For the past two to three years, would-be home purchasers and current homeowners have been confronted with the conundrum: why is the market value of a home frequently much less than the replacement cost of the home?  We thought it would be helpful to list the essential factors used to determine each valuation.   Below are the factors that affect each value. 

The basis for determining market value:

  • Location: The distance of the home to useful entities such as  schools, grocery, entertainment, hospitals, etc.
  • Zoning: The distance of the home to commercial or industrial zones.
  • Traffic: Is the home near high traffic areas causing both safety and privacy issues for the family.
  • Neighborhood Deterioration/Growth:   Is the neighborhood growing by the construction of new homes, thereby increasing the value, or is it deteriorating for lack of growth and the aging of the homes.
  • Resale Value:  How is the home and neighborhood viewed in terms of value.  The likelihood of being able to resell that home impacts the value.
  • Size of the lot: For home buyers with families, the size of the lot has an impact on how much the home is desired.
  • Public Transport: For some buyers, ease of reaching public transportation, or an airport is very important
  • Comparables:   What have the surrounding like, kind, and quality homes sold for in the same market? 

What are the primary factors that go into developing a replacement cost for a home?

  • Square footage:  The size of the home is the primary factor used in determining replacement cost.
  • Interior finishings:  The kind and quality of floors, countertops, wall and window coverings, cabinets, etc. have a huge impact on the replacement value of a home.
  • Age:  The older the home, generally the more expensive it will be to replace due to finding like kind and quality materials.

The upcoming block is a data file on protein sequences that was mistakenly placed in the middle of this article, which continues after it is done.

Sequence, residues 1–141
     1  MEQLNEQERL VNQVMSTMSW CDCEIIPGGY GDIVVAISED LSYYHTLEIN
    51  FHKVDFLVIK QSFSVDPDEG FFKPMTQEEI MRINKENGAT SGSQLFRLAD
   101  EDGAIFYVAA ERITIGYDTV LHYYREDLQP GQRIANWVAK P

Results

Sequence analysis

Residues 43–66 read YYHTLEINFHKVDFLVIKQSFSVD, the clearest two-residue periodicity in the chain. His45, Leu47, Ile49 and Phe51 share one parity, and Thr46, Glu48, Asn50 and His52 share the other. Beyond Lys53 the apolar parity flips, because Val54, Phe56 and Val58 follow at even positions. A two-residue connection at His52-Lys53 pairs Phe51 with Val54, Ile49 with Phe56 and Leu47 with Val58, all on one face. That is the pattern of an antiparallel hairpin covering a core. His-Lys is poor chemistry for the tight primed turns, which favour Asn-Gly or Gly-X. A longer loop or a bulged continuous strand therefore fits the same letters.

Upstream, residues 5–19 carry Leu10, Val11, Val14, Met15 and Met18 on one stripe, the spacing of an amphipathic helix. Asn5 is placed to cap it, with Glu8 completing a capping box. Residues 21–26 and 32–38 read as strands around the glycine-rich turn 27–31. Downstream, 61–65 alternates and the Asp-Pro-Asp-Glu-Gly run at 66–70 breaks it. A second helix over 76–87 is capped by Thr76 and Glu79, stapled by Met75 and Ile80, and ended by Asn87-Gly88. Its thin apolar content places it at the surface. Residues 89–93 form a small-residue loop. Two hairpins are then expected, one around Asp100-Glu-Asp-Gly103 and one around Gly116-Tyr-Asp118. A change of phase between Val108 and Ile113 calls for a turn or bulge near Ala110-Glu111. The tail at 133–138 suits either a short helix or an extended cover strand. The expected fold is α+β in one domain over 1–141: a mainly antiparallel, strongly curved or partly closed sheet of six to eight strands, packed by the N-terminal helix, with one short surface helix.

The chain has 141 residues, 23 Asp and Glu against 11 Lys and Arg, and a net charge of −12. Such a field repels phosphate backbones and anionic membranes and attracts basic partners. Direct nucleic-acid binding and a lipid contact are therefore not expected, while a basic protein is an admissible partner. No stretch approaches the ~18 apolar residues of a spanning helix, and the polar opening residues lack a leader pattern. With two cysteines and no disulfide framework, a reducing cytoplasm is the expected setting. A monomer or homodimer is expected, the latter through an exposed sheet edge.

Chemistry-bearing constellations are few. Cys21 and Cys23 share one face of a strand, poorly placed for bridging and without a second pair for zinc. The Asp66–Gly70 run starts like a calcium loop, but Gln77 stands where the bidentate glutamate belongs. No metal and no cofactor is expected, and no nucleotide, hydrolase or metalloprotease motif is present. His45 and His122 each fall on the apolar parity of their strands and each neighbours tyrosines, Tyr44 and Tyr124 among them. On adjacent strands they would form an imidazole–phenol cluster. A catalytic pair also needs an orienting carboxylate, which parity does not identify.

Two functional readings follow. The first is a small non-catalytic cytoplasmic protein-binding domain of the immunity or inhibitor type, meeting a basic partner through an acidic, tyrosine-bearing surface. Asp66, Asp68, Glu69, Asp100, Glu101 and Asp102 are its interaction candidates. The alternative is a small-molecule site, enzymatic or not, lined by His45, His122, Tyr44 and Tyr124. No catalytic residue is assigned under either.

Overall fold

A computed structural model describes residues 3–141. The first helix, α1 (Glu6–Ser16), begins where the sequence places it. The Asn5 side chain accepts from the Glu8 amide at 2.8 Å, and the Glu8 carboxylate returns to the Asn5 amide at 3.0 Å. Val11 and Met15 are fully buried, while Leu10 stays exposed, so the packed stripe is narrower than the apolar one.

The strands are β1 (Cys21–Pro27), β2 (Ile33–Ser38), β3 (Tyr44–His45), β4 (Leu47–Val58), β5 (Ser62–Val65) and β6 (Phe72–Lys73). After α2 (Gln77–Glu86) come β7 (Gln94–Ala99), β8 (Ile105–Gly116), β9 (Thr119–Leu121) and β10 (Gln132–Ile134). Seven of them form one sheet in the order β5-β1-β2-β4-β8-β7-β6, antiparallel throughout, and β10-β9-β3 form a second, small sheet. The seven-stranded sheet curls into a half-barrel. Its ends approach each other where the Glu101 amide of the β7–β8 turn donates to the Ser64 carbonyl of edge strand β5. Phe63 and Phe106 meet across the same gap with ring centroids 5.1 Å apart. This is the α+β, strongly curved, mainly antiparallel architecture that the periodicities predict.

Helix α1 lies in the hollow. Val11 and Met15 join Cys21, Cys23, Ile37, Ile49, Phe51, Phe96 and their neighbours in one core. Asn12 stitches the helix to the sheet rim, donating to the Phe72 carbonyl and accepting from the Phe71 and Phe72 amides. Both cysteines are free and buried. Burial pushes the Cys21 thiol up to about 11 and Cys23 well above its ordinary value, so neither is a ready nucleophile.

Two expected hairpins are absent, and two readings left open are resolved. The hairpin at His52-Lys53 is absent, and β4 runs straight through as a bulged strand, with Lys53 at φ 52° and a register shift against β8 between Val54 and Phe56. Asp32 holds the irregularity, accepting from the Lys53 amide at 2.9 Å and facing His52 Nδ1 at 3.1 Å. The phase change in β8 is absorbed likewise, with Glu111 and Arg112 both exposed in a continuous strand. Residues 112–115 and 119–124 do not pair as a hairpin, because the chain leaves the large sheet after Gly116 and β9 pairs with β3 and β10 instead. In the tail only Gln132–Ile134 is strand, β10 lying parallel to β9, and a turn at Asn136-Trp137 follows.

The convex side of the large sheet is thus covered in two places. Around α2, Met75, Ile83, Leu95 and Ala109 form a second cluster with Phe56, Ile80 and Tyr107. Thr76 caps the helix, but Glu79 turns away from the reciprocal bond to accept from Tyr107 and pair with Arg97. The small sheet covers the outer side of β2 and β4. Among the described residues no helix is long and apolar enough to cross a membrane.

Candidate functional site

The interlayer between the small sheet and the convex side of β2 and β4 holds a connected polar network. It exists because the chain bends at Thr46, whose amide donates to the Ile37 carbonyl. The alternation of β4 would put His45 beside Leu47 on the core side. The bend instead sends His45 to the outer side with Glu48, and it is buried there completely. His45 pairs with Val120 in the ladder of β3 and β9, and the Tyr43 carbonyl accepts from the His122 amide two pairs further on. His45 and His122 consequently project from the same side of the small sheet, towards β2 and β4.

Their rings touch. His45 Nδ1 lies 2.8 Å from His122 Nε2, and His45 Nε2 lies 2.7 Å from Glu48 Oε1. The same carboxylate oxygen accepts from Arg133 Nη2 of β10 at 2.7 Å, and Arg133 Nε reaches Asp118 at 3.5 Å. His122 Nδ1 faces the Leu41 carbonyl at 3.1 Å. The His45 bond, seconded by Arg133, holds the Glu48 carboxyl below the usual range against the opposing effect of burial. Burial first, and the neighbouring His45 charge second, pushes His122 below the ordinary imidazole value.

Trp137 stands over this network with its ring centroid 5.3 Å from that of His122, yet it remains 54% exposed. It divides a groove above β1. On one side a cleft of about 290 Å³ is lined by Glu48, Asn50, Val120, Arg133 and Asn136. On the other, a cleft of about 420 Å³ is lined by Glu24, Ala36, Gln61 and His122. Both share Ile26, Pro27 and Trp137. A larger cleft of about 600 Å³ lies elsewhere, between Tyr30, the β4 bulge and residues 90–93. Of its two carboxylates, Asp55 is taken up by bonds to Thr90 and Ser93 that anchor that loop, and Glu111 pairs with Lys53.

• Architectural detail: Homes with unique customer vintage designs, details and angles can cost more to replace than standard homes. 
  • Location:  Many areas, due to transportation issues, can create a higher cost to re-build than others.

Why do these factors matter?

  • Inflation continues to increase the cost of labor, lumber, and other materials.  Inflation is not a factor used in determining the market value.
  • Average annual increase in materials (ready-mix, plywood, pvc pipe, steel studs, rebar, etc.) has been 16.8% over the last 5 years.
  • Average annual increase in labor (electricians, carpenters, plumbers, painters, roofers, etc.) has been 5.44% over the last 5 years.
  • Demolition and removal must occur before reconstruction.  Local ordinances place regulations on this work that increase rebuild expenses sharply.  There is less access to vacant land and special considerations are needed for moving and storing materials plus equipment.
  • Builders cannot buy materials at volume discounts when working on a single home.
  • Since brand new home projects are more predictable with fewer hazards, rebuild projects require more specialized and expensive labor.
  • The length of time it takes to rebuild is more complex than a new home and generally takes longer to accomplish.  TIME = MONEY

Who follows building costs and determines the rates of these factors?

  • Marshall Swift & Boekh (MSB):
  • MSB is the single most comprehensive database in the marketplace: more than 2,500 databases based on construction expert surveys of material prices, labor rates, and equipment prices are used in the determination of replacement value
  • The most accurate information used by insurance adjusters comes from MSB
  • MSB allows insurance producers to use their information as a calculator for replacement cost purposes

Why is the RC of an existing home more than building a new home?

  • Demolition and debris removal
  • Bulk purchasing
  • Cost of materials at the time
  • Specific blue prints changes
Posted 11:22 AM  View Comments

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